Ofcom has today published a series of essays by academics, politicians and regulators that examine the effect of convergence on the global communications sector. This can be bought (soon) from The Stationary Office or downloaded today direct from Ofcom: Communications – The Next Decade.pdf.
There's a mix of articles here from a number of people of differing backgrounds. One of the central themes that most seem to share is the convergence of telecoms, internet and television. All will converge around internet technologies with all IP networks.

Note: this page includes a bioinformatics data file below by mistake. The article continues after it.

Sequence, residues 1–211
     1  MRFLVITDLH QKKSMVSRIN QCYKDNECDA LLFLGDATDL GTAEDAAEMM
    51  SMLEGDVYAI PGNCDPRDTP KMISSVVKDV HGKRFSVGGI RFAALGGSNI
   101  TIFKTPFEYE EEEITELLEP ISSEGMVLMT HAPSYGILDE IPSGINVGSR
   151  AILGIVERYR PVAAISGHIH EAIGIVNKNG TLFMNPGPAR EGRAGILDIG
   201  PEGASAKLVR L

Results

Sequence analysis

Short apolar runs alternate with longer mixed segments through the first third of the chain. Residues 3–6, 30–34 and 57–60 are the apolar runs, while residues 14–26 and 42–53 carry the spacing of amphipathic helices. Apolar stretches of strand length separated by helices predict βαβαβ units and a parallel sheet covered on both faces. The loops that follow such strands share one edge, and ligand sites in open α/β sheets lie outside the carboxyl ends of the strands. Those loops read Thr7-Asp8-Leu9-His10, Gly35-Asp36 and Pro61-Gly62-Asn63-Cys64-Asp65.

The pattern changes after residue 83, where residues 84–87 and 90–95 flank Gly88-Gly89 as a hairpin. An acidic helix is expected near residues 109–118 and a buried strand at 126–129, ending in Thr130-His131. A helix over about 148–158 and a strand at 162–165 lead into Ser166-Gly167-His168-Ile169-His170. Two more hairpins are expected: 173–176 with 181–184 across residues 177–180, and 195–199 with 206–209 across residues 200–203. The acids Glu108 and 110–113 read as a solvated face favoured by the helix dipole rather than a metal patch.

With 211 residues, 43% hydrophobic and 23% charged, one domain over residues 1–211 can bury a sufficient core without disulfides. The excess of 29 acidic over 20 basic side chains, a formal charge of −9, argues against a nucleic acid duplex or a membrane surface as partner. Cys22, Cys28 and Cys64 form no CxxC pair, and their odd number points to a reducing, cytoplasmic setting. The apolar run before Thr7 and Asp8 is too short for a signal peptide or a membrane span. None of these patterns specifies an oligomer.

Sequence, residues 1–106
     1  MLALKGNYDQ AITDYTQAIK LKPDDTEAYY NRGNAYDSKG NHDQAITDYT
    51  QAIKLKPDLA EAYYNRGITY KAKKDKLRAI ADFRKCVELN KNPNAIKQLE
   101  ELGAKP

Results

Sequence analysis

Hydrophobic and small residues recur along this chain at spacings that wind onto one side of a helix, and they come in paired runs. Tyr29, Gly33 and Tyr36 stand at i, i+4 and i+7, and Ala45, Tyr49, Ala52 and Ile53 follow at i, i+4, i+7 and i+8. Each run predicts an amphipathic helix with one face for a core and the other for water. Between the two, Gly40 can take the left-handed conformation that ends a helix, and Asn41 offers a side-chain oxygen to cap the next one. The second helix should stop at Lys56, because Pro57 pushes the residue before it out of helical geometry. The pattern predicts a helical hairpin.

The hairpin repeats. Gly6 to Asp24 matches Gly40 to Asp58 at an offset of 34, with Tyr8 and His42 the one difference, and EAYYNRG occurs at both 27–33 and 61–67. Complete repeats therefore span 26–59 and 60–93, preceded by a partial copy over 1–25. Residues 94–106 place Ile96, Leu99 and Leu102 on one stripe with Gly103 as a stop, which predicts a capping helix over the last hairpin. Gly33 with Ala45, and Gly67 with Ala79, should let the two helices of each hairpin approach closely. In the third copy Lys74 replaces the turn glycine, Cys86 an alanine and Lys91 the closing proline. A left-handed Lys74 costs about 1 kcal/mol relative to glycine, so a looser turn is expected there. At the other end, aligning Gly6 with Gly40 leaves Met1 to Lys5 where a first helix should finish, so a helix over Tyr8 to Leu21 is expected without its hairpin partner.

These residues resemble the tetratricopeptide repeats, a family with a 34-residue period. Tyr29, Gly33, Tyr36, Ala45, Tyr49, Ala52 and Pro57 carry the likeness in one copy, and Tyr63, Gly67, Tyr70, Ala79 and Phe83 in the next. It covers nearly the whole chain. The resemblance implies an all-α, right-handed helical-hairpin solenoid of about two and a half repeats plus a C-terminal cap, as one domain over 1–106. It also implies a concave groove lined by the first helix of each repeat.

I particularly enjoyed Peter Cochrane's essay: The Future of Regulation – Not. His view, which I agree with, is that a reduction in regulation of spectrum is now possible as new digital technologies replace analogue and networks become all IP based. Other technologies, such as MIMO and beam-steering antennas also reduce electromagnetic pollution making the spectrum lock-out of other service providers unnecessary. The internet is a perfect example of where we should be heading. However, we are not quite there yet. It will take another decade, but it will be essential if we are to achieve the most effective use of our spectrum. Unfortunately, due to political reasons and not technological reasons, I doubt this will happen. Ofcom themselves recently gave a reason why: Economic Impact of the Use of Radio Spectrum in the UK.pdf. This study estimates the net impact made by radio spectrum using firms to be in the range of £37 billion in contribution to UK GDP and 240,000 in contribution to employment. This represents 3 per cent of total UK GDP and 0.8 per cent of total workforce jobs. Of course, such spectrum costs are an effective tax on the consumer (e.g. UK 3G Mobile Auction of 2000) but it is unlikely that any government would have the political will to give up such a "tax".